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What are the penalties if an extension for filing a Form 5500 was not obtained?

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6 replies to this topic

#1 Kemily


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Posted 30 September 2003 - 12:43 PM

What are the financial ramifications when an extension is not filed for a calendar plan year?

#2 jashendo


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Posted 30 September 2003 - 03:06 PM

If you file late (with or without having applied for an extension) the penalties are: (1) $25/day -- to a maximum of $15,000 -- from the IRS, and (2) up to $1100/day from the DOL. That said, there are several additional points to consider.
First, some plans are subject to DOL filing requirements only (e.g., welfare plans), some are subject to IRS filing requirements only (e.g., some pension plans that are not subject to Title I of ERISA, such as plans without common-law employees) , and some are subject to both IRS and DOL (most pension plans).
Next, in practice, the DOL will impose much smaller penalties (smaller than $1100/day), with the amount depending upon whether you file late on your own (generally, $50/day), or are caught as a "non-filer" (generally, $300/day up to $30,000/yr).
Finally, as long as you are a Title I plan subject to DOL filing requirements, there is the Delinquent Filer Voluntary Compliance program, under which you can file a late return and pay substantially reduced DOL penalties (e.g., $10/day -- max $750 for a small plan or $2000 for a large plan -- with some further twists for multiple plans, tax-exempt sponsors, and other situations) and no IRS penalties. (If you are not a Title I plan -- such as a 5500-EZ filer -- you are not eligible for this relief.)
By the way, even if you do file for an extension, but you miss the extended deadline, the penalties are computed from the original due date without regard to the extension. So the foregoing applies to filers who (1) file late without an extension, or (2) have an extension but miss the extended due date.

#3 Guest_named_B2Randolph_*

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Posted 20 October 2003 - 09:50 AM

The Delinquent Filers Voluntary Correction Program (DFVC) is a very easy program, and the penalties for filing under this program are minimal as compared to the $1100+ daily penalties the late 5500 may generate.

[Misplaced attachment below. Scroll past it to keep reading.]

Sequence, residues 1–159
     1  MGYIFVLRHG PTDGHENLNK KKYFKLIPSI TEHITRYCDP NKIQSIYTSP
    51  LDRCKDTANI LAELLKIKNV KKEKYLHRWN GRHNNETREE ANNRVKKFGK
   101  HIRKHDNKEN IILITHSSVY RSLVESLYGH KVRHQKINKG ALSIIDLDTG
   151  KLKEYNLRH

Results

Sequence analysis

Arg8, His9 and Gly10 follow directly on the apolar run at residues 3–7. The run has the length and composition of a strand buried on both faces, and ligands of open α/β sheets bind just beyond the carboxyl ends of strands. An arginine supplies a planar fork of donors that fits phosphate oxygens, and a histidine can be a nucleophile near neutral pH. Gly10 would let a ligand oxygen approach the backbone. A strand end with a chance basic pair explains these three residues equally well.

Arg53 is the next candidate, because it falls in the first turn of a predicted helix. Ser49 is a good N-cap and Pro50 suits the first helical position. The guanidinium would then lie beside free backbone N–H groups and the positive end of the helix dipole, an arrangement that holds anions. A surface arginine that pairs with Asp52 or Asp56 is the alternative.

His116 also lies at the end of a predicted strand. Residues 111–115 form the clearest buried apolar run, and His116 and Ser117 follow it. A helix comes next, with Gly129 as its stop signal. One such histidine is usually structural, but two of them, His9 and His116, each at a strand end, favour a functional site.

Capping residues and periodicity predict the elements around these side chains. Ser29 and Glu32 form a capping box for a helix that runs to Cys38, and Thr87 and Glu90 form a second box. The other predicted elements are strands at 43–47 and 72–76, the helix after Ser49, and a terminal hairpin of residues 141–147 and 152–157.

In a nutshell, all it takes it to send the form 5500 and all schedules and attachments to the regular EBSA address with a statement that you are submitting under DFVC and send another copy of the Form 5500 only to DFVC with a check. Worse case scenario, the check will only have to be for $4000 and may be as little as $10 per day late.

Check it out. This needs to be in everyone's bag of tricks.

#4 eafredel


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Posted 22 October 2003 - 12:40 PM

Two other things: first, if the employer files for an extension of time to file its federal corporate income tax return, this may trigger an automatic extension of time to file the Form 5500 (this is true even if a Form 5558 is not filed); second, the IRS often grants automatic extensions for employers in areas affected by some type of disaster. This year Hurricane Isabel triggered such relief. If these facts apply, your Form 5500 may not be untimely.

#5 jevd


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Posted 30 December 2003 - 10:30 AM

What can a single participant (Non-ERISA) employer do if 5500 was never filed for multiple years. ( 10 yrs) This was just discovered and employer could also use a referral to a good ERISA qualified atty on the east coast.
Making the complex understandable.

#6 Guest_named_merlin_*

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Posted 13 January 2004 - 01:03 PM

Is he a 5500 filer or 5500EZ? If 5500 he can avail himself of the DFVC program as described above. There is a $1500 cap on the penalty for plans with reporting delinquencies for multiple years, so the exposure is pretty small. Even better, the IRS has agreed in Notice 2002-23 not to levy any additional penalties on someone who files under the DFVC.

If he's a 5500EZ filer he's in the IRS ballpark alone. Historically the IRS has been extremely lenient with respect to delinquent filers who come forward voluntarily, especially if he can demonstrate "reasonable cause" for the failure to file. In my experience they have accepted any excuse short of wilful noncompliance.

If you're still interested,here are four ERISA attorneys in NJ (NY metro area):

Stephen Ferszt,973-530-2020
Alan Glazner,908-272-1544
Steven Marshall,732-855-6041
Leonard Witman,973-822-0220

#7 jevd


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Posted 13 January 2004 - 01:09 PM

Thanks Merlin.
He's a 5500EZ ( One Participant Plan)

I just wish the IRS would adopt a formalized plan for delinquent filers for the 5500 EZ filers with a reduced penalty similar to DOL.

Edited by jevd, 13 January 2004 - 01:11 PM.

Making the complex understandable.